View Full Version : Wolf Kahn - Why?
11-02-2006, 05:58 PM
Has anyone seen a close up of a Wolf Kahn? I checked out his website and they are mostly 8x10's and my nephews doodles are better. I just don't get it. They don't even seem abstract, but less worthy of the attention. I know I should support all artists, it's good karma, but for the life of me how in the world did this man get famous?
11-02-2006, 07:07 PM
To each his own--I happen to admire his work. He uses simplicity of color, gesture, line and I find them lyrical, challenging, sometimes quite beautiful. He has a body of work from a lifetime of painting that is very diverse, and he was diagnosed with macular degeneration a few years ago. That may effect what he is producing now, but I still find his work compelling in most instances. Just my humble opinion...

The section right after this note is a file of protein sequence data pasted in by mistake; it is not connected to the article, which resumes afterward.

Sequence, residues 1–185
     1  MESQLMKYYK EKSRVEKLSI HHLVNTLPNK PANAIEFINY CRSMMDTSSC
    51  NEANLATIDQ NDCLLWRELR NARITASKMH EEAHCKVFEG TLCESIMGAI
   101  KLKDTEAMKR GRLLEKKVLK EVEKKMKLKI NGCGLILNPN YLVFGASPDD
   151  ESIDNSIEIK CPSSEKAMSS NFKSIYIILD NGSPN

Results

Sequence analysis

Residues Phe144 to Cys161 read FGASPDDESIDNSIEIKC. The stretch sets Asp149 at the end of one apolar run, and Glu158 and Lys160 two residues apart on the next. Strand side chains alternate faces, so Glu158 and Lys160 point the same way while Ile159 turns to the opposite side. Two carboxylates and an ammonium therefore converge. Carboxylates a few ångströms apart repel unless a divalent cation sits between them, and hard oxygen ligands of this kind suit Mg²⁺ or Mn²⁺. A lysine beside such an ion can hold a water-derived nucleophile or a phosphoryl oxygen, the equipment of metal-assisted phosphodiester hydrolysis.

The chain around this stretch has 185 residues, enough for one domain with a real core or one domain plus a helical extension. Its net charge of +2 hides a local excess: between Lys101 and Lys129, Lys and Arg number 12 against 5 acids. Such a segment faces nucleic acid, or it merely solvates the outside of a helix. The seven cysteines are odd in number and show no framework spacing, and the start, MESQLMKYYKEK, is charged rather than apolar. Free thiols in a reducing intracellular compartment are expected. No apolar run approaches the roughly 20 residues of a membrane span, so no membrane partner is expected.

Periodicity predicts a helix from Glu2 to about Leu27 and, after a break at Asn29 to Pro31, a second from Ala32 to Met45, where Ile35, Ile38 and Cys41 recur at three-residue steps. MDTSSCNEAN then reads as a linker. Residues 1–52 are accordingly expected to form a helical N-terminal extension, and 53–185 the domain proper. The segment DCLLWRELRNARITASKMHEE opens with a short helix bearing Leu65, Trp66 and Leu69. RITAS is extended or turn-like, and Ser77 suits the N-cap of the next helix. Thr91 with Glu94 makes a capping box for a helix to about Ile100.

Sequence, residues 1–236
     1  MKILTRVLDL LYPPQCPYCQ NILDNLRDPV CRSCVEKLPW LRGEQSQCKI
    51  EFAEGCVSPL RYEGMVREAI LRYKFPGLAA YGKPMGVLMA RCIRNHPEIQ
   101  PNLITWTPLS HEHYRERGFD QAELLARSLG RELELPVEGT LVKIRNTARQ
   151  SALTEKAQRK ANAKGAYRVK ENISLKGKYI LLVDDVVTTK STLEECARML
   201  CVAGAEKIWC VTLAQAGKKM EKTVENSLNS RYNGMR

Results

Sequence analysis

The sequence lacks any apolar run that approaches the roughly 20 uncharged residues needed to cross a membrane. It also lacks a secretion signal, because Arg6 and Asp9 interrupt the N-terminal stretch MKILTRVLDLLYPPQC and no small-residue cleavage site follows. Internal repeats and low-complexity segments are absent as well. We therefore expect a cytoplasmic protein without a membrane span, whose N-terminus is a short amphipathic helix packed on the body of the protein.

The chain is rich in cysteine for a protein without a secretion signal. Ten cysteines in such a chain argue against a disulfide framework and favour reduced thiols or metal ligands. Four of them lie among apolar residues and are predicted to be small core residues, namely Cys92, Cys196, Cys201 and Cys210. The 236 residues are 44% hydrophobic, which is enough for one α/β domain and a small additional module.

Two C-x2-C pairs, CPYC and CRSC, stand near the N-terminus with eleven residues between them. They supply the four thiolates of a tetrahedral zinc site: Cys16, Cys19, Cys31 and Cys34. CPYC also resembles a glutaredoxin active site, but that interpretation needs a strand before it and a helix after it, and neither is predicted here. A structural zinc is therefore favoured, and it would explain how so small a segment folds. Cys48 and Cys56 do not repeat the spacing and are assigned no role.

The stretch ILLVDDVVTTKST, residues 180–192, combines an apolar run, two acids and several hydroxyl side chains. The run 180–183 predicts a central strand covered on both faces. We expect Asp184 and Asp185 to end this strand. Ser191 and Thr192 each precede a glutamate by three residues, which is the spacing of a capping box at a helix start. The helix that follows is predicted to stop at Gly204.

Khan trained in a fairly classical way. (read his bio, he has wonderful experiences to pass on) It is my feeling that over time he has been able to distill the essence of a scene and pass it along using a paucity of stroke. His color sense is magical.
Perhaps this is the way children see the world too, and at times can produce amazing pieces.
11-02-2006, 07:49 PM
I love Wolf Khan and I have two large books of his works, one of just pastels and the other one covers most of his life work. I love his color and the simplicity of his work. I believe Katherine Hurley may have studied with him, if I am not mistaken, and she is one of my all time favorites. I refer to his works often when I want to try to simplify; he does it masterfully. Try to get a look at the large volume of his work in print, titled "Wolf Khan" by Justin Spring. Okay, there's my trying-to-be-more-humble opinion.